Inside ‘war zone’ of New York, where ambos are as busy as September 11
New York: The first of many calls that night involved a 24-year-old man who had a fever, body aches and a cough that sounded like a cement mixer.
While the Brooklyn paramedics took the man's fever – 39.4 degrees –they noticed frightening vitals that hinted at the coronavirus: a critically low level of oxygen was flowing into his otherwise clear lungs, while his heart thumped with the intensity of a marathon runner's. He was taken to the nearest hospital.
A patient is brought into the Elmhurst Hospital Centre in the Queens borough of New York.Credit:Bloomberg
Then almost immediately came the next call: a 73-year-old man with symptoms similar to the young man's. They took him to the hospital, too.
"It's all a war zone," one of the paramedics said.
Days later, another paramedic, Phil Suarez, was dispatched to two homes in Upper Manhattan's Washington Heights neighborhood, where entire families, living in cramped apartments, appeared to be stricken with the virus.
"I'm terrified," said Suarez, who has been a paramedic in New York City for 26 years and had assisted in rescue efforts during the September 11, 2001, terror attacks and later served in the Iraq War.
Medical workers load oxygen and disinfect surfaces of an ambulance outside a COVID-19 testing side at Elmhurst Hospital Centre.Credit:AP
"I honestly don't know if I'm going to survive. I'm terrified of what I've already possibly brought home."
Even as hospitals across New York become inundated with coronavirus cases, some patients are being left behind in their homes because the health care system cannot handle them all, according to dozens of interviews with paramedics, New York Fire Department officials and union representatives, as well as city data.
In a matter of days, the city's 911 system has been overwhelmed by calls for medical distress apparently related to the virus. Typically, Emergency Medical Services gets about 4000 calls a day. On Thursday, dispatchers took more than 7000 calls — a volume not seen since the September 11 attacks. The record for amount of calls in a day was broken three times last week.
Because of the volume, emergency medical workers are making life-or-death decisions about who is sick enough to take to crowded emergency rooms and who appears well enough to leave behind. They are assessing on the scene which patients should receive time-consuming measures like CPR and intubation, and which patients are too far gone to save.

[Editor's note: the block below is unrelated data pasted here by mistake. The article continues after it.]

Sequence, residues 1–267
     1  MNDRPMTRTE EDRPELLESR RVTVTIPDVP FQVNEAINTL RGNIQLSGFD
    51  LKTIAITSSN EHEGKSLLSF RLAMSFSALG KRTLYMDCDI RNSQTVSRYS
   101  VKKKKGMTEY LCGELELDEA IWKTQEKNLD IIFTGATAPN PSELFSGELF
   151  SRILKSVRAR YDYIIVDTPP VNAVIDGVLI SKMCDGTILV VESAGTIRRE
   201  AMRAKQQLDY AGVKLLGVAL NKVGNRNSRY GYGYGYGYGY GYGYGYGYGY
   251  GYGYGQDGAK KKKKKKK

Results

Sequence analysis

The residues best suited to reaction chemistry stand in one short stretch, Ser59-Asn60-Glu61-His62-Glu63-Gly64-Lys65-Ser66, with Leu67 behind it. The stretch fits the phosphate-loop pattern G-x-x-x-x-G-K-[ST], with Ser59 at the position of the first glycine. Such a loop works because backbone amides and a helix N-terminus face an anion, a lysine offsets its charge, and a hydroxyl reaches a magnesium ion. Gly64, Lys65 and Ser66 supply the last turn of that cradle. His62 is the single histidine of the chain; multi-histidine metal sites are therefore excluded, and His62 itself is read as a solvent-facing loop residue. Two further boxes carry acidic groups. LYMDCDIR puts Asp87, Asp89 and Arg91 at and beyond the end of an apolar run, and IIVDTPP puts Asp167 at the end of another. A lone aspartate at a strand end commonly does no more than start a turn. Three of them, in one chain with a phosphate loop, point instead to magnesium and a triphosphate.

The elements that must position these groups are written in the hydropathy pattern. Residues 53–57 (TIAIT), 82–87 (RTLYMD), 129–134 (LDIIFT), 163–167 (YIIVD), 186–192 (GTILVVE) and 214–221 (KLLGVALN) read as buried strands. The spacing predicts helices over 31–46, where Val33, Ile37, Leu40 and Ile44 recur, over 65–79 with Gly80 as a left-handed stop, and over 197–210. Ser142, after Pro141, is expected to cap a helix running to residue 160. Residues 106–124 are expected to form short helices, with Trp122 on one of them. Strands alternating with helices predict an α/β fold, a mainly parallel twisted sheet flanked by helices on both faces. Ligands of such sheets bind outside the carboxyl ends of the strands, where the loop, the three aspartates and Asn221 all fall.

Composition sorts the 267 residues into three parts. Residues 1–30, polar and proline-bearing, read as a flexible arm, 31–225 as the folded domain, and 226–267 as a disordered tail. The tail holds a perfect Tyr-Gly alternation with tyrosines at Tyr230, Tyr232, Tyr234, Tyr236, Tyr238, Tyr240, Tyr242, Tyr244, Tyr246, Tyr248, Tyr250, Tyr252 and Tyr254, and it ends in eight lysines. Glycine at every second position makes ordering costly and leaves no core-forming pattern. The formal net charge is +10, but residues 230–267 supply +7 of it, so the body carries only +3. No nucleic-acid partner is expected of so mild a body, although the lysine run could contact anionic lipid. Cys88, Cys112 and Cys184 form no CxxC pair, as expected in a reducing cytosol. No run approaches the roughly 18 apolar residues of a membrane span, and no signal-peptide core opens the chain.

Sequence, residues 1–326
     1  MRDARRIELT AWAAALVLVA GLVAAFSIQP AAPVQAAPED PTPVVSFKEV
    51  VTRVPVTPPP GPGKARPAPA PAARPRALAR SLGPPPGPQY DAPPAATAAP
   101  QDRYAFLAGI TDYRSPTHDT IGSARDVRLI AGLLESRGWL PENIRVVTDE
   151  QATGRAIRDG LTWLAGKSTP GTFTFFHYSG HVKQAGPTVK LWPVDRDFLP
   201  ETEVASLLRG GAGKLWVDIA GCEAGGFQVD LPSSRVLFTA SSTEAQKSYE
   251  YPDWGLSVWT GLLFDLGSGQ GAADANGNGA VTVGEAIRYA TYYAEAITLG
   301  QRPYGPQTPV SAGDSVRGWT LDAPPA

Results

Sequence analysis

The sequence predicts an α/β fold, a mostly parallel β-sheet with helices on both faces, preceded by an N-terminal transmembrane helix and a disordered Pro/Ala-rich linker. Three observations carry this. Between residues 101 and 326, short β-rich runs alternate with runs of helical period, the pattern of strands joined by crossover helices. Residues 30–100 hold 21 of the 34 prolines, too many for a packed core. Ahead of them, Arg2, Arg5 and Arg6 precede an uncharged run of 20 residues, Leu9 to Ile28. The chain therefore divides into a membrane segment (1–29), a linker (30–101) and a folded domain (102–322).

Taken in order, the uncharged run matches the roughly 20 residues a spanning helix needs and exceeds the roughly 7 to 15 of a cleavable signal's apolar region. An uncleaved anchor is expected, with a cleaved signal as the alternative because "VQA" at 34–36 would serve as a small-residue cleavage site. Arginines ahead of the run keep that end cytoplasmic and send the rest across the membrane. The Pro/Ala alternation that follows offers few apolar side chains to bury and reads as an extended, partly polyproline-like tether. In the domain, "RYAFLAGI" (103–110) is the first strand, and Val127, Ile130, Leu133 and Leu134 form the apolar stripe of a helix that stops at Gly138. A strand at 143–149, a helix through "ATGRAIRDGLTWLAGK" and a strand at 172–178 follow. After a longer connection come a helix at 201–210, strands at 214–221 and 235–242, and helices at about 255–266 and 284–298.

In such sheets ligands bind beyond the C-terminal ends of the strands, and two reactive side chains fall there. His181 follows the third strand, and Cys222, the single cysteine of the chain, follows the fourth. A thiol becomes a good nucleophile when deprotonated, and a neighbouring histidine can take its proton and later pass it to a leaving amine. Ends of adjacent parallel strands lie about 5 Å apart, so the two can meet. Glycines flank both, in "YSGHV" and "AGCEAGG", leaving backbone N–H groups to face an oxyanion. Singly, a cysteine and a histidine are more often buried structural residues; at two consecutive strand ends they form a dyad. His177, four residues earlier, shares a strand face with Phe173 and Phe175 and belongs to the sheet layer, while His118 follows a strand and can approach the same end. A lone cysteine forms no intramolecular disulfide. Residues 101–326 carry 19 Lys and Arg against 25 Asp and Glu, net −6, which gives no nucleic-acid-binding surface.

Rehabilitation nurse Edith Ihejirika outside Jacobi Medical Centre in the Bronx. Nurses demanded adequate Personal Protective Equipment.Credit:AP
"It does not matter where you are. It doesn't matter how much money you have. This virus is treating everyone equally," the Brooklyn paramedic said.
The amount of work has been record-setting for the city's 911 system, said Frank Dwyer, a Fire Department spokesman.
"Our EMTs and paramedics are on the front line during an unprecedented time in the department's history," Dwyer said, adding: "They're doing it professionally, and they're doing it because they care about their patients. They care about this city."
The department said it has started rationing protective gear to stave off potential shortages. Earlier this month, the department told workers that they must turn in their used N95 masks — which filter out 95 per cent of airborne particles when used correctly — to receive a new one.
Three weeks ago, the paramedics said, most coronavirus calls were for respiratory distress or fever. Now the same types of patients, after having been sent home from the hospital, are experiencing organ failure and cardiac arrest.
"We're getting them at the point where they're starting to decompensate," said the Brooklyn paramedic, who is employed by the Fire Department. "The way that it wreaks havoc in the body is almost flying in the face of everything that we know."
Since many hospitals are in dire need of personal protective equipment like N95 masks, paramedic crews employed by the hospitals also face shortages. The Brooklyn paramedic said she had started sewing her homemade masks with bandannas and coffee filters.
Another paramedic in Brooklyn said she had been using the same N95 mask for days. This past week, as she and her partner exited an apartment building after tending to a patient, the building's supervisor — noticing the pair's worn equipment — met them downstairs and shoved new N95 masks and a can of Lysol into their arms.
New York Times
Source: Read Full Article